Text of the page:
An Open Letter to Parents Whose Child Has a Mental Illness

Dear Parent/Guardian,

I’m sure you’re feeling scared, confused, and maybe even angry or upset. You don’t understand how this child; the one you’ve protected, cared for, and continually loved, is now suffering. You did everything in your power to keep this child safe, and now you can’t wrap your head around the fact that maybe, just maybe, you didn’t do enough. When you first found out your child had a mental illness; whether it was through a doctor, therapist, or maybe even personal knowledge, you probably were in denial. You didn’t want to accept the fact that your child needed help, and you didn’t want to believe that everything you provided to your child had gone to waste.

What you need to know, however, is that nothing you ever did went to waste. Rather, it helped shape your child to be the fine individual they are today. And now, they need you more than ever to help them get through this difficult time. So, it is time to take a step up and provide your child with the tools necessary in order for them to feel as if, yet again, they are loved, cared for, and valued in this world. In order to do this, you have to come down off your high horse, and accept what is going on. I can only imagine how hard this is to do, as you are still processing the fact that your child needs help. Nonetheless, just because your child has a mental illness, doesn’t mean you are a bad parent. Rather, by you accepting what is going on and providing your child with the help they need, you are proving how much of an amazing, caring, and loving parent you truly are.

You may be feeling ashamed, and possibly even embarrassed to talk openly about the struggles your child is going through. However, it doesn’t have to be this way. Think about it this way... your child wakes up with a sore throat, you don’t hesitate before taking them to the doctor, and while there, you are comforting them throughout the whole process. The doctor comes back into the room and informs you that your child has strep throat. Immediately, you drive over to your local pharmacy, pick up your child’s prescription, and maybe even their favourite ice cream. When you get back home, you don’t hesitate to call the school and tell them your child will be home for a few days in order to recover. However, now that your child has been “diagnosed” with a mental illness, why are you acting differently? Why are you taking a step back, and hoping that it will get better on its own?  Are you afraid you’ll mess up? Are you embarrassed? What is really holding you back? These are questions you need to ask yourself, as believe it or not, your child needs you more now than they did when they had strep throat.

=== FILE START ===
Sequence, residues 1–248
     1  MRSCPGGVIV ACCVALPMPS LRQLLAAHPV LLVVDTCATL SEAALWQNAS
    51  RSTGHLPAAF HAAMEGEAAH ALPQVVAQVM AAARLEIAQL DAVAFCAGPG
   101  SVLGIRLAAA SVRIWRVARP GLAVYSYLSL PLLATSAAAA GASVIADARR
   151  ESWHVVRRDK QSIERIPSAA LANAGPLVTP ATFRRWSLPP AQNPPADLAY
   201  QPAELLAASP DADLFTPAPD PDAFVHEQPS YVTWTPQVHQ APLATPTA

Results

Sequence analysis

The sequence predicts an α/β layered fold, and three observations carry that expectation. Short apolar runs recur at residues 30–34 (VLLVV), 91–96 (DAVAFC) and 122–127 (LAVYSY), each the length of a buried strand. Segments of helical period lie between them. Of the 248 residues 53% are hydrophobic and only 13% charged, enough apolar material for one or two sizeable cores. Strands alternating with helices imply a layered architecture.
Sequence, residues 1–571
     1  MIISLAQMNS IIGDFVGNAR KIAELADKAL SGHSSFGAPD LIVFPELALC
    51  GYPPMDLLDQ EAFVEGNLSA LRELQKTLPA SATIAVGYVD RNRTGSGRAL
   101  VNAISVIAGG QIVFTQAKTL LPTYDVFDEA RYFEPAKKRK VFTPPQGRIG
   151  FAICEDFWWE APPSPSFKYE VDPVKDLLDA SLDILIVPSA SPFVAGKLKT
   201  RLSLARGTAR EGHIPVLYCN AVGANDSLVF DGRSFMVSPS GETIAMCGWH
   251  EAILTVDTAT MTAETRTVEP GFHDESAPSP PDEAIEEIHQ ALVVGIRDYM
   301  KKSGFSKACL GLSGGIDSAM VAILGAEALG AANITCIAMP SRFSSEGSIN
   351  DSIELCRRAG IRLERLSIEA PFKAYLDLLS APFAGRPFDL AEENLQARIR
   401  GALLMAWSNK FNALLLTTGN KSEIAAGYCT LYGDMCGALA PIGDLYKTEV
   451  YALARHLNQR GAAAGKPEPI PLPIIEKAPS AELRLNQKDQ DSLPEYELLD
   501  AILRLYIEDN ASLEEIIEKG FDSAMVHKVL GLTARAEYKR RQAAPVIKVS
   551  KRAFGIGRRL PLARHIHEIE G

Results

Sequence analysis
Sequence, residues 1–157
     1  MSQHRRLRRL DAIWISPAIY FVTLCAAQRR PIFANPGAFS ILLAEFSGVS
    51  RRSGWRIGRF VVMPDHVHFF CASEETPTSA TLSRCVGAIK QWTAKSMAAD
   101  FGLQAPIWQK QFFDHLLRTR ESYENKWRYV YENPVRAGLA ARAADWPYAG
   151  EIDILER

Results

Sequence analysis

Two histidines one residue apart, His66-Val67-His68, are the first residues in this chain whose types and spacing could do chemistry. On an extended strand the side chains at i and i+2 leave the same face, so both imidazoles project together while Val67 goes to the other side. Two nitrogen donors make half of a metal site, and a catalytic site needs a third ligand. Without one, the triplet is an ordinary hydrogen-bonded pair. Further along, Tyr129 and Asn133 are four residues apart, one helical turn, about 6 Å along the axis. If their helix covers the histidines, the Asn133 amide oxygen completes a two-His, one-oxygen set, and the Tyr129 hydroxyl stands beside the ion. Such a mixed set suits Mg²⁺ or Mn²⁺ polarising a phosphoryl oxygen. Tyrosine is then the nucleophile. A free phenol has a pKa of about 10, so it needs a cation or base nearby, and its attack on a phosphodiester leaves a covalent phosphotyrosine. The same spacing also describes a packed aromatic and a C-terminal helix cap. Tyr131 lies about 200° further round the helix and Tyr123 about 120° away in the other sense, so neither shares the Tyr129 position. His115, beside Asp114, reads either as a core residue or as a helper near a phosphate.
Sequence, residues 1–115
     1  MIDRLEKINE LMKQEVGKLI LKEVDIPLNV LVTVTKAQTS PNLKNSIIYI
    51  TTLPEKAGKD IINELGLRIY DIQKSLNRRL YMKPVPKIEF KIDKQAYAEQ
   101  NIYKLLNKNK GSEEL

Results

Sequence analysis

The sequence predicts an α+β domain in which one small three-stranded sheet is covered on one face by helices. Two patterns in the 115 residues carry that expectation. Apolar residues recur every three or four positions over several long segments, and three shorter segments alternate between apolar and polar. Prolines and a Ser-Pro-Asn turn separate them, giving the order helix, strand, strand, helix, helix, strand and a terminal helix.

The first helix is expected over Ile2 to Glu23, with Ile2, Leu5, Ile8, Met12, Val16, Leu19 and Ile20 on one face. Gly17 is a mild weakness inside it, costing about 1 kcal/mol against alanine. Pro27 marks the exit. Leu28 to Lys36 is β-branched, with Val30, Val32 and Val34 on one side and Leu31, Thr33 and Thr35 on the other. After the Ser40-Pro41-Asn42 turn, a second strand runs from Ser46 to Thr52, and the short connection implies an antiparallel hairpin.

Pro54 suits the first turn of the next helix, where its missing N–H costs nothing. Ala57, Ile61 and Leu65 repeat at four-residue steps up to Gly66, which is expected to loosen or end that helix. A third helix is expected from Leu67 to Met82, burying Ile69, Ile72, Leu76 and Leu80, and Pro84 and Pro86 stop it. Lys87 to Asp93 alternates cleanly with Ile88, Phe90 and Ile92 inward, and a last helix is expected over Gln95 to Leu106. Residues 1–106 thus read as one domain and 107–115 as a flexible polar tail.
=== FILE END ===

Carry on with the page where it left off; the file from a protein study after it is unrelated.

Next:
The thing is, when your child had strep throat, they knew it would get better. They knew that with some homemade soup, their prescription, a few days off of school, and your unconditional love and care, they would be back to new in a couple days. With a mental illness, they have no idea what’s going on. They are afraid to speak about how they’re feeling, and ultimately, they start losing hope. Mental health issues are on the rise among youth in society today, and if you don’t believe me, here are some statistics provided by Youth Mental Health Canada. Firstly, it is important to understand that mental illness is the number ONE disability affecting people in the world.

Meaning, this is an illness that is preventing youth from reaching their full potential and having the greatest quality of life possible. Every day in Canada, 11 youth die from suicide. And, of these 11 youth, 9 of them have some or even many indications of their intentions. You have the chance now, while your child is showing signs, while you have the option to support them, to do so before it’s too late. You would never be able to live with yourself if you didn’t get them the help they needed, just because you were afraid, ashamed, or confused. They are feeling that way too, and need as much support as they can possibly get. Nevertheless, before you can help your child, you need to help yourself.

Getting educated on youth mental health and understanding what your child may be experiencing is extremely important. If you aren’t ready or comfortable to speak to a doctor or therapist about this, a quick Google search will provide you with an abundant amount of resources. Read through some of these, speak to others who are going through the same thing, and get comfortable with what is going on, because whether you like it or not, your child’s mental illness will be intertwined within your life for a very long time. Once you become both educated and comfortable, it’s time to focus on your child and give them that same care you gave them when they had strep throat.

Help them make a plan to deal with what is going on. This may include taking them to a therapist, speaking with your family doctor, or just being there for a shoulder to cry on. I know it’s hard to accept that your child, your pride and enjoy, your everything, is going through a challenging time. It’s okay to feel upset, scared, and confused, but just remember that they are feeling this way too. The stigma and/or discrimination attached to mental illnesses presents a serious barrier, not only to diagnosis and treatment but also to acceptance in the community. “Suicidal youth are in pain. They don’t necessarily want to die; they want their pain to end. If their ability to cope is stretched to the limit, or if problems occur together with a mental illness, it can seem that death is the only way to make the pain stop” (YMHC, 2018). Help stop this pain. Help make a difference in your child’s life. And help them realize that with time, things will get better, and so will they. 

If you or someone you know is going through a challenging time, here are some sites to help make the dark days seem a bit brighter.